The Transparent Society (1998) is a non-fiction book by the science-fiction author David Brin in which he forecasts social transparency and some degree of erosion of privacy, as it is overtaken by low-cost surveillance, communication and database technology, and proposes new institutions and practices that he believes would provide benefits that would more than compensate for lost privacy. The work first appeared as a magazine article by Brin in Wired in late 1996. In 2008, security expert Bruce Schneier called the transparent society concept a „myth“ (a characterization Brin later rejected), claiming it ignores wide differences in the relative power of those who access information.
Brin argues that a core level of privacy—protecting our most intimate interactions—may be preserved, despite the rapid proliferation of cameras that become ever-smaller, cheaper and more numerous faster than Moore’s law. He feels that this core privacy can be saved simply because that is what humans deeply need and want. Hence, Brin explains that „…the key question is whether citizens will be potent, sovereign and knowing enough to enforce this deeply human want.“
This means they must not only have rights, but also the power to use them and the ability to detect when they are being abused. That will only happen in a world that is mostly open, in which most citizens know most of what is going on, most of the time. It is the only condition under which citizens may have some chance of catching the violators of their freedom and privacy. Privacy is only possible if freedom (including the freedom to know) is protected first.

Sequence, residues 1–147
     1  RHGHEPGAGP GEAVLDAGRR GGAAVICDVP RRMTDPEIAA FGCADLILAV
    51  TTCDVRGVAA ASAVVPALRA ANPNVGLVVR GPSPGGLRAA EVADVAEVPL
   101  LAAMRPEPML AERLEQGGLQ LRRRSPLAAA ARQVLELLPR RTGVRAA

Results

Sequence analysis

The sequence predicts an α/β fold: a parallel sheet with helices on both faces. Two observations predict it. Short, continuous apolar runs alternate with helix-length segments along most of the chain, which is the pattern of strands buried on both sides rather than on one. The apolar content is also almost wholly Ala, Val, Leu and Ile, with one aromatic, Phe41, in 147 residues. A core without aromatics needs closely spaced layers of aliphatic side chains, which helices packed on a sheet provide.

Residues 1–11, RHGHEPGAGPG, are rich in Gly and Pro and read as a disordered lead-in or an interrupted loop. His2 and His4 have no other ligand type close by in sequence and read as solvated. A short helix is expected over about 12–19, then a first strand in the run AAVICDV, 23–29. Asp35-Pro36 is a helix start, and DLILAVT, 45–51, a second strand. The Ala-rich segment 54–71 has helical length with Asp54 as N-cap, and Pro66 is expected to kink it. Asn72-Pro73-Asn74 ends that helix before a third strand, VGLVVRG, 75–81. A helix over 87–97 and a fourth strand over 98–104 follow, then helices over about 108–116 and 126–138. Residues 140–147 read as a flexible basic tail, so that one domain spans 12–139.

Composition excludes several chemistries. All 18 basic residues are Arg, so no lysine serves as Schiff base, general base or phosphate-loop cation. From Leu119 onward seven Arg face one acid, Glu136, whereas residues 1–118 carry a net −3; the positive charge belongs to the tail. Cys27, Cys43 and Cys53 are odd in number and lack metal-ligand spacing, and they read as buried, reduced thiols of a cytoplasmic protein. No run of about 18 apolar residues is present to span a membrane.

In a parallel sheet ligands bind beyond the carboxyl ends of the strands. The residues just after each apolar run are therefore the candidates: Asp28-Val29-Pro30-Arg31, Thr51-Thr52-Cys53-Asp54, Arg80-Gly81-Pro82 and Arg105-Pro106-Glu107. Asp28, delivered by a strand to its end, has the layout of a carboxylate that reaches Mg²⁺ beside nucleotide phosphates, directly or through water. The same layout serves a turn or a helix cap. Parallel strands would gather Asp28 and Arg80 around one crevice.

Brin thus maintains that privacy is a „contingent right,“ one that grows out of the more primary rights, e.g. to know and to speak. He admits that such a mostly-open world will seem more irksome and demanding; people will be expected to keep negotiating the tradeoffs between knowing and privacy. It will be tempting to pass laws that restrict the power of surveillance to authorities, entrusting them to protect our privacy—or a comforting illusion of privacy. By contrast, a transparent society destroys that illusion by offering everyone access to the vast majority of information out there.
Brin argues that it will be good for society if the powers of surveillance are shared with the citizenry, allowing „sousveillance“ or „viewing from below,“ enabling the public to watch the watchers. According to Brin, this only continues the same trend promoted by Adam Smith, John Locke, the US Constitutionalists and the western enlightenment, who held that any elite (whether commercial, governmental, or aristocratic) should experience constraints upon its power. And there is no power-equalizer greater than knowledge.
Transparency is sometimes confused with equiveillance (the balance between surveillance and sousveillance). This balance (equilibrium) allows the individual to construct their own case from evidence they gather themselves, rather than merely having access to surveillance data that could possibly incriminate them. Sousveillance therefore, in addition to transparency, assures contextual integrity of surveillance data (i.e. a lifelong capture of personal experience can provide „best evidence“ over surveillance data to prevent the surveillance-only data from being taken out of context).